So what is the solution?

Last week, Gerry Harvey the chairperson of the electronics and furnishing Harvey Norman retail chain appealed to the public to start spending up again instead of paying down their credit card and other debts to avoid more businesses bankruptcies and job losses.

If we listen to Harvey ordinary people should just get deeper into debt and go on a shopping spree. Other big capitalists tell us to have faith that the billions of dollars of profits now being made by the big mining companies and the banks will trickle down to us.

The Gillard Labor government assures that its subsidies to big car companies and its promised company tax cuts will help save jobs. But will they?

Billions of dollars have been spent by governments over decades to subsidise big steel manufacturing companies and car companies in the name of saving jobs. These companies have taken the money, made huge profits, paid obscene amounts to their CEOs and gone on to shed more than 30,000 jobs in the steel industry and 20,000 in car manufacturing.

Public subsidies to protect the profits of big corporations won’t guarantee jobs. If big profits meant job security, Australia’s big four banks shouldn’t be embarking on a new wave of bank shedding. Last year, they reported a combined profit of $25.2 billion.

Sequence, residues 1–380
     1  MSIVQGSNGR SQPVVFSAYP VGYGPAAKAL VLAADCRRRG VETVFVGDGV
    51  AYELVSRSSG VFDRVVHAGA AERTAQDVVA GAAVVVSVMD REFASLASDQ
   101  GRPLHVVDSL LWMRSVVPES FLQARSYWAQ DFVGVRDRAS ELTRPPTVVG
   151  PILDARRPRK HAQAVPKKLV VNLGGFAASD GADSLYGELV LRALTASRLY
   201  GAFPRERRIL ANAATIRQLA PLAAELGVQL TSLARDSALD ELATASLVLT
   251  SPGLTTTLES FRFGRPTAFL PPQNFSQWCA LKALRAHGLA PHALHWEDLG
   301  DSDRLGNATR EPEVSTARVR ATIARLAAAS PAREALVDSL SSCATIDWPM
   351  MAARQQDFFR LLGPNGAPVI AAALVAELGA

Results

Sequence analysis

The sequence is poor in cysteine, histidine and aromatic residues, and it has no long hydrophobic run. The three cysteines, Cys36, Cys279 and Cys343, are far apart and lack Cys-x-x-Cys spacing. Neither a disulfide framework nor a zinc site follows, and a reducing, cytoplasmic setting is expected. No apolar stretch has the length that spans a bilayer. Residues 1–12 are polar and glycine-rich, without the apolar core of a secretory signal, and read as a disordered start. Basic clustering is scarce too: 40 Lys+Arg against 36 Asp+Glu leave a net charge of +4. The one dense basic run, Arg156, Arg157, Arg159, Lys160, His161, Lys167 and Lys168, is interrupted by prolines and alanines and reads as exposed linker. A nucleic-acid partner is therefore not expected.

ACTU President Ged Kearney recently noted that “the combined salaries of the four major banks’ CEOs totaled $28.6 million. This, along with the massive profits makes it impossible to feel any sympathy for their complaints about their financial circumstances.”

“At the same time,” she added, “the big four banks last year slashed 3300 jobs and already in the first month of this year, Westpac and ANZ have announced plans to shed another 730 jobs between them.”

On February 12, Finance Sector Union national secretary Leon Carter told reporters that 2,000 jobs had gone this year and added: “If this pace continues, we stand to lose 10,000 jobs over the next 18 months.”

Most of Australia’s trade union leadership follows the Gillard Labor governments line that jobs can be saved through more corporate subsidies and more corporate tax cuts. But one trade union leader has broken from the pack and is advocating a different course.

In his exclusive interview with Green Left Weekly on February 18, Geelong Trades and Labor Council secretary Tim Gooden said:

“People say it’s a private world, a free market — that’s crap. All the risk has been socialised, all the profits are privatised.

“In reality, society is pretty much paying for these companies anyway. If the corporate system can’t maintain them, then the public system should take them over…

“If an industry became redundant, workers should be retrained on full pay into the new industry, not thrown on the scrapheap like we see today.

“Nationalisation would also be cheaper — if we aren’t paying business board members millions to suck on cigars, the costs would be lower. And any funds raised are for public, not private, use.

“Importantly, we would be able to plan any scale down of an industry that society decides is redundant or harmful. We could put the resources and skills into industries we want.”